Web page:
“Mike’s sense of humor is one of the things that helps him a lot because he’s able to bond quickly with people,” says Ralph Maestas, a USAP videographer who works closely with Lucibella. “There aren’t that many people down there who are looking for glory. They just want to be helpful, and so Mike’s personality works really well in opening doors for stories and getting him out into the field.”
His good humor also trickles into his writing, where clever headlines—“Larvae La Vida Loca” for an article about critters at risk due to ocean warming and “Tag! You’re It!” for one about electronic monitors that analyze the movements of Adélie penguins—help bring stories to life.
Lucibella has even saved a few jokes for the stage, trying his hand at stand-up for the Peer Revue comedy show hosted by Science Riot, a nonprofit that uses humor to expand the reach of science. In one bit, he takes aim at the poor Antarctic midge, the continent’s (thumbnail-sized) largest terrestrial animal that “spends the majority of its life underground, contemplating its ancestors’ many poor life choices that evolved it to where it is now.”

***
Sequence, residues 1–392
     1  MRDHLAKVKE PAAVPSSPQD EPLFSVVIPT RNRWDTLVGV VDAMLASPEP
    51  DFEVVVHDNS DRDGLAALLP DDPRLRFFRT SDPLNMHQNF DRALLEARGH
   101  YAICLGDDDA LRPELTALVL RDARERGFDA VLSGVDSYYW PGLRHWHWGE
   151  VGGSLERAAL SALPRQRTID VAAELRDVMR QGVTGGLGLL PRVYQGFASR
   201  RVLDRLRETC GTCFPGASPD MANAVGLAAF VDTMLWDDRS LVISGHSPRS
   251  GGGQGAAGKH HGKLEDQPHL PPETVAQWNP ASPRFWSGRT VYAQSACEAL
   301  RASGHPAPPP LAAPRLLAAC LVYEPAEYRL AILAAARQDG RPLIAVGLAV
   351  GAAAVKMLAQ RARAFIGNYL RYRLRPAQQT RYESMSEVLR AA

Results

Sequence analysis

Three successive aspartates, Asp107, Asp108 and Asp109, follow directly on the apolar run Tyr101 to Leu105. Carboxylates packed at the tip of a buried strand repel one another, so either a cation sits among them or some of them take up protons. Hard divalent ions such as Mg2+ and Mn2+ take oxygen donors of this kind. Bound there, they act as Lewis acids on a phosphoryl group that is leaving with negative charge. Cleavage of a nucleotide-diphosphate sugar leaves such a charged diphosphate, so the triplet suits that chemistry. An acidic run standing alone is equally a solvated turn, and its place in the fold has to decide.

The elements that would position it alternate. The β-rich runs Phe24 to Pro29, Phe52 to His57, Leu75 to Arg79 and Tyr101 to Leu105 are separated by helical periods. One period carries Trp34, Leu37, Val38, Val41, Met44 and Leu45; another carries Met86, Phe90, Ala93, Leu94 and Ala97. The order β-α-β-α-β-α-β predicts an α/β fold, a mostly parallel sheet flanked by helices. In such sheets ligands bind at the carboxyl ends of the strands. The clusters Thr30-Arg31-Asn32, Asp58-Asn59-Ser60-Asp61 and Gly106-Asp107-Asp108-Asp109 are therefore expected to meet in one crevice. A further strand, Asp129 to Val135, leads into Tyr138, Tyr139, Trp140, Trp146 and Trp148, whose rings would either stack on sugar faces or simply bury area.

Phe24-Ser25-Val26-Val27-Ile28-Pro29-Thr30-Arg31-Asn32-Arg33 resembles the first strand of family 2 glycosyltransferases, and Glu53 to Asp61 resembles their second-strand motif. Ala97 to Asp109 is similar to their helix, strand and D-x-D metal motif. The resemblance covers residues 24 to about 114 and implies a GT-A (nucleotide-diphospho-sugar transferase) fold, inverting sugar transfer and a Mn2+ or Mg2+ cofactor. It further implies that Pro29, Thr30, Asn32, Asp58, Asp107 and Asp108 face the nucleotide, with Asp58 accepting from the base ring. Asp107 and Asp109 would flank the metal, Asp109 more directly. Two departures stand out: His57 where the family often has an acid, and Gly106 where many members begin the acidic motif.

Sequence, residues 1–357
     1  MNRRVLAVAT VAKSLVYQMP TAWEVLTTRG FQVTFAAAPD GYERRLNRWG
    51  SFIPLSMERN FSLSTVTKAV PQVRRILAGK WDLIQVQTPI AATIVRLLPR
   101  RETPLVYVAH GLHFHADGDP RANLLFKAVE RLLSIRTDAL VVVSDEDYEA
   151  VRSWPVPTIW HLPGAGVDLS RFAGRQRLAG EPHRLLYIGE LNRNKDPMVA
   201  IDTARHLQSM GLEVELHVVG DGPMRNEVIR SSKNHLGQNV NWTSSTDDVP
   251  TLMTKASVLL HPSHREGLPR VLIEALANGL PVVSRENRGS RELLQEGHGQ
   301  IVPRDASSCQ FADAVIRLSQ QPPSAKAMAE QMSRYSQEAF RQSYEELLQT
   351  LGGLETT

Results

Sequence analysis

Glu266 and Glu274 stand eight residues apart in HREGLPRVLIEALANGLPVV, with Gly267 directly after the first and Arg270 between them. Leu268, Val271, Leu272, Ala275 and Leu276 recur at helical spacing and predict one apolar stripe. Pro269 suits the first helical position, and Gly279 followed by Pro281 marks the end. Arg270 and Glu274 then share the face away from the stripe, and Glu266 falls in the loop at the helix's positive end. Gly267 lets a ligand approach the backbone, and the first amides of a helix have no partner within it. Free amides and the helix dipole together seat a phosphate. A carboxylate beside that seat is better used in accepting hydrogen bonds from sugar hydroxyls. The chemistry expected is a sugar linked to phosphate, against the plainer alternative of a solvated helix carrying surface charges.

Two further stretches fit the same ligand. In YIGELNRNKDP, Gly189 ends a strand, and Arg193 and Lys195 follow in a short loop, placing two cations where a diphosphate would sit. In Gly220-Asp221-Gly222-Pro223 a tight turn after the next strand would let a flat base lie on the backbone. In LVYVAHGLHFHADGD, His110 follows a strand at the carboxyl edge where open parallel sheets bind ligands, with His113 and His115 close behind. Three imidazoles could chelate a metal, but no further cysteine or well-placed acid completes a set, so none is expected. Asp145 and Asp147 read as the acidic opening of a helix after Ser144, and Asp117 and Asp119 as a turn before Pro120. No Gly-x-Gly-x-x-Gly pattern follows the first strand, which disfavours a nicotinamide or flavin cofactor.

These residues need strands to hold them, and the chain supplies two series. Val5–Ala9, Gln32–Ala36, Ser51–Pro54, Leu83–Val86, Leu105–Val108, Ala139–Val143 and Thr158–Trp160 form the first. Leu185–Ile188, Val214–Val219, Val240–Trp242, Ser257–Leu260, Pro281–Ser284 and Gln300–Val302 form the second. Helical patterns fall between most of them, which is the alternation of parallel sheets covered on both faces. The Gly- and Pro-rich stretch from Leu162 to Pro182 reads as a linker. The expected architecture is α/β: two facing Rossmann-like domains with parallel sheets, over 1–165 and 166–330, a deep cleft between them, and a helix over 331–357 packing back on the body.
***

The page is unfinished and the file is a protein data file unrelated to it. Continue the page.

There are clues in Lucibella’s work that hint at the scientific phenomena we’re up against. Changing migration patterns of Adélie penguins and fur seals indicate the threat of climate change, just as the booming sound of glaciers calving at Palmer Station brings the realities of disappearing ice into sharp relief.
This austral summer, the worldwide fight against COVID-19 is marked by his not being austral at all.
In February 2020, Lucibella came home and almost immediately repacked his bags. He spent the next six weeks aboard the Laurence M. Gould, one of the NSF’s two research vessels, snapping photos and reporting on research experiments along the Antarctic Peninsula, disembarking at Punta Arenas, Chile, as the coronavirus began to shut down the globe. “It was a little bit of a nail-biter,” but thanks to the USAP travel team, he snagged what was then one of the last commercial flights back to the US.
To avoid the potentially devastating impacts of a COVID outbreak on an isolated continent, NSF announced scaled-back plans for USAP’s 2020–21 summer research season in June, ending Lucibella’s streak of visits to the Ice at five. That inaccessibility has so far worked to Antarctica’s advantage—COVID has not reached NSF stations, and the continent was reportedly virus-free until an outbreak on a Chilean base in December 2020.
Lucibella’s coverage of the remote continent continues remotely from 10,000 miles away. From London, where he moved in September for his wife’s new job, he has been connecting with researchers as they trickle back from Antarctica. He was also fortunate to enter last spring with a plentiful well of unused material.
“It’s a dramatic reduction in the amount of science,” says Lucibella of this most recent season, but he’s documenting it to the best of his ability.
Just like an Antarctic December, the Sun refuses to set.